On game day, we gravitated to the WSU tent. We heard the band play a few numbers. The Cheer Squad spreading the enthusiasm and Butch making his rounds. One face in this crowd looked especially familiar to me, and nodded. I returned a wave. D.R. was standing alongside me, and recognized the same feeling. He has a pure soul, so he approached the nodder, and introduced himself saying, "I'm sorry I've forgotten your name". The answer was, "I'm D.B., my son and nephew both play on the team". As soon as I heard the voice, I knew it from a familiarity that cannot be explained, but only experienced. We attended high school together too. The feelings of connecting again with common interests after so many years were a big thrill. The surprise was on me. I'm in the generation that has produced today's students and players.
I went to the first really big bowl game, and none until Albuquerque. I wear a crimson shirt to work once a week. I've watched College Football Game Day every Saturday morning for years just to see the anonymous crew lifting my alma mater out of obscurity even while the team's record has struggled to achieve the notoriety. Years ago my wife (my date for Casino Royale 1978) had a piece of locally quarried red rock engraved with the WSU logo, a Cougar paw and the words, "This is Cougar Country". We have the rock displayed beside the front door, so as to leave no doubt to visitors where the loyalties lie. I'm not a part-time fan, but I'm not a die hard either. Still, I think I do my part while keeping family and career in balance with passion.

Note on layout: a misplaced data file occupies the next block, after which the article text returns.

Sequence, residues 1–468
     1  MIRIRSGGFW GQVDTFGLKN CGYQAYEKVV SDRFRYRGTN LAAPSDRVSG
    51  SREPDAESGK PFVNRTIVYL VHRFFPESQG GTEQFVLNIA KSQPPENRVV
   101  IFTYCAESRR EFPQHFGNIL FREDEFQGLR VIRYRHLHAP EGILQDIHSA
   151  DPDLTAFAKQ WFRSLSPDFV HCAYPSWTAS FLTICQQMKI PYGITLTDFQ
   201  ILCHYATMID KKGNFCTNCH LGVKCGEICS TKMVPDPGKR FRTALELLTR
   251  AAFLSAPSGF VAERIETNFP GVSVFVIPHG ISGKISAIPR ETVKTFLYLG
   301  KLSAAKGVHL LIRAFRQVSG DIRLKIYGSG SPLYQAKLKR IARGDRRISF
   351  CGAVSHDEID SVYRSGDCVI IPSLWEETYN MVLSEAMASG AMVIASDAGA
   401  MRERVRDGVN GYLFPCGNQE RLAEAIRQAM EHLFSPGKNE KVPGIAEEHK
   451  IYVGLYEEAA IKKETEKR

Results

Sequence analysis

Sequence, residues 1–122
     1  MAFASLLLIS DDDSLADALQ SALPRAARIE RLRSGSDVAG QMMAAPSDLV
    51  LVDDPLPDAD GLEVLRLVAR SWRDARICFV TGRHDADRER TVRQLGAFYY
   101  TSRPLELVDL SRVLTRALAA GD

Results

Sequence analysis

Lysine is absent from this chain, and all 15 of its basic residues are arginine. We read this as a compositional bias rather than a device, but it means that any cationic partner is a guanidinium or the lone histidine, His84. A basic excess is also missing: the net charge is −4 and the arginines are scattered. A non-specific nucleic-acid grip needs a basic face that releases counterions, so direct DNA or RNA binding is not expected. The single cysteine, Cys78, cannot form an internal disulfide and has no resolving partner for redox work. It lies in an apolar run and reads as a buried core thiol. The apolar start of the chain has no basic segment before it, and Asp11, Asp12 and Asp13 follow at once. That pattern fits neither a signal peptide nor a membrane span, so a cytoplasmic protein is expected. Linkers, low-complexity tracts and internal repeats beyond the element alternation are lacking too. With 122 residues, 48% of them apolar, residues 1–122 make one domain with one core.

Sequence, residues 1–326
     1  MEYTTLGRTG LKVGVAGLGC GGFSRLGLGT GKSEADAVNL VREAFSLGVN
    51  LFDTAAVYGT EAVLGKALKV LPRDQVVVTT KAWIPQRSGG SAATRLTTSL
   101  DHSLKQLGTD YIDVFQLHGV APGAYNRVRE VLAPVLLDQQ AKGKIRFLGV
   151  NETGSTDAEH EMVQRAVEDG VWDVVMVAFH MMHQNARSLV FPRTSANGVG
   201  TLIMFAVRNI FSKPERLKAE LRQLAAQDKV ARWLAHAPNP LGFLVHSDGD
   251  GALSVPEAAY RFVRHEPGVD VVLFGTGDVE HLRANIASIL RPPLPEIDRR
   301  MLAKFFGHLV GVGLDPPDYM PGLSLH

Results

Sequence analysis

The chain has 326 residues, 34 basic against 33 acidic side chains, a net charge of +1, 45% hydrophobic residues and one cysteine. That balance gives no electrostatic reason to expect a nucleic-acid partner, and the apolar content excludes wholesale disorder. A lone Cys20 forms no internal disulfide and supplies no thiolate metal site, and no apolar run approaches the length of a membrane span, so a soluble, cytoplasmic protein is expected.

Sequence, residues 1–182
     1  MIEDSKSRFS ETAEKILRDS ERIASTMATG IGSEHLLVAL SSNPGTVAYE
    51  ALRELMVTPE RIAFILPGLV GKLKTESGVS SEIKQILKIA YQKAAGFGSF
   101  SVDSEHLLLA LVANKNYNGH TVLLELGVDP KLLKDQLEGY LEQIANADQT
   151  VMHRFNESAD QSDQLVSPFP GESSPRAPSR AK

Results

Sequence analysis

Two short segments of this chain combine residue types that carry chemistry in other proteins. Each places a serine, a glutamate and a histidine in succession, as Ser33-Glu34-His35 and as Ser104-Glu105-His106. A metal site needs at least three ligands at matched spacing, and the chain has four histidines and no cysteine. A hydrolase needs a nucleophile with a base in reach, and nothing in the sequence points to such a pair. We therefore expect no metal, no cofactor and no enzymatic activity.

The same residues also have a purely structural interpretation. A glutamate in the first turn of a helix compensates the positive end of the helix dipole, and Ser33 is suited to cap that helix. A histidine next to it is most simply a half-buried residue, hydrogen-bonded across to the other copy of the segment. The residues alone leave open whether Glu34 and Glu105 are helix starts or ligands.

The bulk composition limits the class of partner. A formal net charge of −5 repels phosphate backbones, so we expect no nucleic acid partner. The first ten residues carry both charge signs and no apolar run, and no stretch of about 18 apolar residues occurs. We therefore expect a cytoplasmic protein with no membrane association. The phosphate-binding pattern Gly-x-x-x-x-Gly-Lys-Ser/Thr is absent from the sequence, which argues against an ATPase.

I contrast these positive experiences with the negative ones I've seen and felt post-game. Loyal fans had come to expect a win. Some felt cheated that they were long-time contributors, and they were not repaid with the fulfillment of their expectations. A humiliating phrase uttered so many times in the past has become popular again for how the game was wrested from success and grandly placed into the arms of defeat. Many local fans and media are insisting that someone be held accountable for this embarrassment on a public stage. Someone has to submit, and admit that they made a mistake. A meeting with the Athletic Director must be scheduled, and these conversations must take place. I'm just speechless at these expectations. The feeling I have about the game's outcome is certainly disappointment. I am encouraged though. On game day, I looked down along the sideline and saw the future. I saw young size and speed that haven't had a chance yet to show their talents. But D.R. has come to test my tortured soul. In the moment of my own seething upset of the games result, he utters "it takes a lot of loyalty to support the Cougs". That's what just happened.